New campaign aims to combat scourge of fly-tipping
Farm leaders are backing a new campaign aimed at reducing the amount of waste dumped in the countryside.
It comes as new figures show that fly-tipping incidents are on the rise – with more rubbish being illegally dumped in rural areas. The figures have prompted farmers and landowners to call for more action to tackle the problem.
Local authorities dealt with 936,000 fly-tipping incidents in 2015/16, according to the latest government statistics. This represents a 4% per cent increase over 2014/15, with statistics suggesting more offenders are choosing rural locations to dump their rubbish.
Different types of waste dumped during a typical week were highlighted by a mock fly-tip at Bircherley Green shopping centre in Hertford last month. The aim was to remind people they have a legal ‘duty of care’ to check they are only giving waste to a registered waste carrier.
‘Crime not to care’
The fly-tip was assembled by East Herts Council, in conjunction with environmental charity Keep Britain Tidy, to help publicise the start of a national Crime Not To Care campaign. The initiative is being backed by the NFU.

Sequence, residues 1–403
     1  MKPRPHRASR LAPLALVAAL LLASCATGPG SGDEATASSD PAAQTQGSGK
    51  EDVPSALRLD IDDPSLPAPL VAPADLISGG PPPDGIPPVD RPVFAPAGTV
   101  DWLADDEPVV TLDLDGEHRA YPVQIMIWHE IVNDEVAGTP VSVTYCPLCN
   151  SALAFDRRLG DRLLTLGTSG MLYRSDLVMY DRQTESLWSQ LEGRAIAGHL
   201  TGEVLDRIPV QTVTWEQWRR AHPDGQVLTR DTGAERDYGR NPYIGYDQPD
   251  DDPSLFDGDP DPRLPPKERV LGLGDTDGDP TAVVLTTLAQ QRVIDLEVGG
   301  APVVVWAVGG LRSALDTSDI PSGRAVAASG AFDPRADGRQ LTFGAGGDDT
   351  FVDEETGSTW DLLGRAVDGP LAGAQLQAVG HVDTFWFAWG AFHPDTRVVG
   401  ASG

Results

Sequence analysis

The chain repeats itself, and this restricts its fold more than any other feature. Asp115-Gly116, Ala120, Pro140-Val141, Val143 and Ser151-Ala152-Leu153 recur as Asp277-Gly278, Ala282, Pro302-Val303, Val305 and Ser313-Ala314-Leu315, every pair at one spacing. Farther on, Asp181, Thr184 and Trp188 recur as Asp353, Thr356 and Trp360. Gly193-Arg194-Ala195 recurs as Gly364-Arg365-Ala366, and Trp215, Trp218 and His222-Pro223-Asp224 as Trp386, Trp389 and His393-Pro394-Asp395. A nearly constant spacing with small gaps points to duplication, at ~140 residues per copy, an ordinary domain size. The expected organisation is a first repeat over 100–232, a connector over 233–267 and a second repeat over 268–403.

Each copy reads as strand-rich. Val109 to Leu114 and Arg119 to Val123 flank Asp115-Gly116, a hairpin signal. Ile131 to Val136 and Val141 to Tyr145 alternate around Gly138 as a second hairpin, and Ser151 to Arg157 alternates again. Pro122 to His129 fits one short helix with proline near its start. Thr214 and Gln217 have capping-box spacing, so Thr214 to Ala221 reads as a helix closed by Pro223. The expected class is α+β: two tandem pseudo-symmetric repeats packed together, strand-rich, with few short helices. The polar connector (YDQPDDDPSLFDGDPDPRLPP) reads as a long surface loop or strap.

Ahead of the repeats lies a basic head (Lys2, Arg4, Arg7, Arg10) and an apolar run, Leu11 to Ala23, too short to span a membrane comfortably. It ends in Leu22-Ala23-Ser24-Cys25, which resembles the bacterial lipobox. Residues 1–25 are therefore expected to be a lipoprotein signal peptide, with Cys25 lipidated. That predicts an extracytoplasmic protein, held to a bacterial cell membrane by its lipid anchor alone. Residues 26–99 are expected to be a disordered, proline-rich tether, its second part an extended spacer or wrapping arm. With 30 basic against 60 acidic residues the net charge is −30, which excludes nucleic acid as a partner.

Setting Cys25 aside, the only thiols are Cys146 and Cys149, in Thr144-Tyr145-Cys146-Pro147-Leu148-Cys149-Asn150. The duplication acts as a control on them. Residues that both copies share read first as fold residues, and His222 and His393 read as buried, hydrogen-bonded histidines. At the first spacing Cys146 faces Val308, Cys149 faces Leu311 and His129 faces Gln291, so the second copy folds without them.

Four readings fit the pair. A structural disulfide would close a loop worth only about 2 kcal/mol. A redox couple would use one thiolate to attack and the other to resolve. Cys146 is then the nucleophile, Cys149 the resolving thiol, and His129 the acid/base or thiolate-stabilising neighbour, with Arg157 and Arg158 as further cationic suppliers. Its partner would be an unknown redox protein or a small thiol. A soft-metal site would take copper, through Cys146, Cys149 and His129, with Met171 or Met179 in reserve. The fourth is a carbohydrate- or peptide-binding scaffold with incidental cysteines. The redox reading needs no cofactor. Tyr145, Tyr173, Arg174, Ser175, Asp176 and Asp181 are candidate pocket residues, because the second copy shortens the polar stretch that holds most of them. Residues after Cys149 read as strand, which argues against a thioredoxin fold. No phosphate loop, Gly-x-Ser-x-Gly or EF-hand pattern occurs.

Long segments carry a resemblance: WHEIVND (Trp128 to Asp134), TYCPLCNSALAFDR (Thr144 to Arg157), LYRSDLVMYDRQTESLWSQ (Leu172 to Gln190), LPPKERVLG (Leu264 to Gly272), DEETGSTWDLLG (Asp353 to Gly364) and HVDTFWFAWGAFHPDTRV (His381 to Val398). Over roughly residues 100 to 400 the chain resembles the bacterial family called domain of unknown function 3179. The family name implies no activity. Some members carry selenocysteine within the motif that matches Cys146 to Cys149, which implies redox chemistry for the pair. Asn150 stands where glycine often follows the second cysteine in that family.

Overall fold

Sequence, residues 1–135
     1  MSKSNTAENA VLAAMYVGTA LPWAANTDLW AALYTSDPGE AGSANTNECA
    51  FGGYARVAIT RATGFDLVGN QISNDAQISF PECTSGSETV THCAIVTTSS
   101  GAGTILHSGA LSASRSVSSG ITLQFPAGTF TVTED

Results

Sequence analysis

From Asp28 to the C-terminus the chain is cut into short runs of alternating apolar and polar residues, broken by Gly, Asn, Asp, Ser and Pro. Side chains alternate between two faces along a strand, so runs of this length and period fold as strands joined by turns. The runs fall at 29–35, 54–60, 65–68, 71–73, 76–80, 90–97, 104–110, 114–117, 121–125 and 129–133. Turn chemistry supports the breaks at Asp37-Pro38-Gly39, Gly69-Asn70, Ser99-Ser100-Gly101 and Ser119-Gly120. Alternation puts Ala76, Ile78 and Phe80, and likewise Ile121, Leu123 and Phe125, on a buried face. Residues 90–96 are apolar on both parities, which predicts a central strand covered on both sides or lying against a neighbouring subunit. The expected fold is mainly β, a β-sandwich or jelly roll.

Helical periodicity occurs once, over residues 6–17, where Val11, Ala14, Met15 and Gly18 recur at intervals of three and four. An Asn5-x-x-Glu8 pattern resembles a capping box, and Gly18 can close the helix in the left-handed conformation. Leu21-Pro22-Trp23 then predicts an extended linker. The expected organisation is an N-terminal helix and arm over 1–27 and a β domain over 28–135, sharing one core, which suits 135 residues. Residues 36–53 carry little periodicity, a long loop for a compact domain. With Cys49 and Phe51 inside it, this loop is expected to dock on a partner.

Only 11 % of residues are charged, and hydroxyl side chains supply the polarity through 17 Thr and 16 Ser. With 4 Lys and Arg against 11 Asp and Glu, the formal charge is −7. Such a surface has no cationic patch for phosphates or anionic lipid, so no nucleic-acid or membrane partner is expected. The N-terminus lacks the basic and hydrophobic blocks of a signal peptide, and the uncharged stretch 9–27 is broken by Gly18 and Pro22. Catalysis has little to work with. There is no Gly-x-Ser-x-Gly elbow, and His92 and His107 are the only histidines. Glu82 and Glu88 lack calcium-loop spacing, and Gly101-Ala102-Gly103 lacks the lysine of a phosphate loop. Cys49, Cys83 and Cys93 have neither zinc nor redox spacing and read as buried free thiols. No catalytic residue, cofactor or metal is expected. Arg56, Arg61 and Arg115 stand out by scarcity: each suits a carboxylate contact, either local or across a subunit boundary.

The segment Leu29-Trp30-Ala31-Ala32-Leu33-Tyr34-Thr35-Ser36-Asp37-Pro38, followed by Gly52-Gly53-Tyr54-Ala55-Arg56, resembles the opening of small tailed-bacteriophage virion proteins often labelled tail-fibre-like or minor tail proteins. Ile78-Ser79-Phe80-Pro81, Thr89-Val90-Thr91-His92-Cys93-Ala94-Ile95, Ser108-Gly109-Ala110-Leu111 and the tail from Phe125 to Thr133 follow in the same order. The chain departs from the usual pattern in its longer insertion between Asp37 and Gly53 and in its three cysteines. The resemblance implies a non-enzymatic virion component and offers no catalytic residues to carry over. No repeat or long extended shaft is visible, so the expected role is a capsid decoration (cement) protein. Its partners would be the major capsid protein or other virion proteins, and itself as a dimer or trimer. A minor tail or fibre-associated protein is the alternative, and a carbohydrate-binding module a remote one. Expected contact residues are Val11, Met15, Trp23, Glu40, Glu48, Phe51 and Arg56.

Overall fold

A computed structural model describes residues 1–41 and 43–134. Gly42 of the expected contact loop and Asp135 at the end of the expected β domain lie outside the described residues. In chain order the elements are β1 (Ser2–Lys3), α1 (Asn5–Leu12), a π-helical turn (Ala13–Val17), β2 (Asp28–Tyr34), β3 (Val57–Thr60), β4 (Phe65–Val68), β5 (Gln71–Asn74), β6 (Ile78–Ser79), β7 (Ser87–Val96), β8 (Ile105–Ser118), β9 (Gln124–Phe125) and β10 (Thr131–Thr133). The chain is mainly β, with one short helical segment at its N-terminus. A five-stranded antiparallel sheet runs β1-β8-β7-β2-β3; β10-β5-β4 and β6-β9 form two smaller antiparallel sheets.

NFU Hertfordshire representative Will Dickinson said: “We welcome this campaign. Latest figures show fly-tipping incidents in Hertfordshire are running at 40 per day – and these are just the cases that are reported. The true extent of the problem is much greater.
“Hertfordshire’s beautiful countryside must not be used as a dumping ground. This waste is unsightly, it can pose a danger to wildlife and livestock, pollute watercourses and contaminate land. It is costing farmers and landowners time and money to clear up.”
Incidents of fly-tipping on footpaths and bridleways increased by 8% during the year compared to a 6.7% decline in the number of incidents involving back alleyways. Some 67% of fly-tips involved household waste, an increase of 65% from 2014/15.
Mr Dickinson said: “We would urge the public to ensure their household waste is taken away by a registered carrier and that they get a receipt. If not, they run the risk of being prosecuted if any dumped waste is traced back to them.”
One third of all incidents consisted of a quantity of material equivalent to a small van load. The second largest size category for fly-tipping incidents was a ‘car boot’, which accounted for 29% of total incidents by size.